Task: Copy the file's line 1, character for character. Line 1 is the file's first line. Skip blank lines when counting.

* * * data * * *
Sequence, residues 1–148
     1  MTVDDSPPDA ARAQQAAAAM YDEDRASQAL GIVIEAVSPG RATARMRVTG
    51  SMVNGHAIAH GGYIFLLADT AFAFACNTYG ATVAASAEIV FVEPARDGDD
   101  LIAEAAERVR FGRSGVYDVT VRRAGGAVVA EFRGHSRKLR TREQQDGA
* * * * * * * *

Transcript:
Sequence, residues 1–148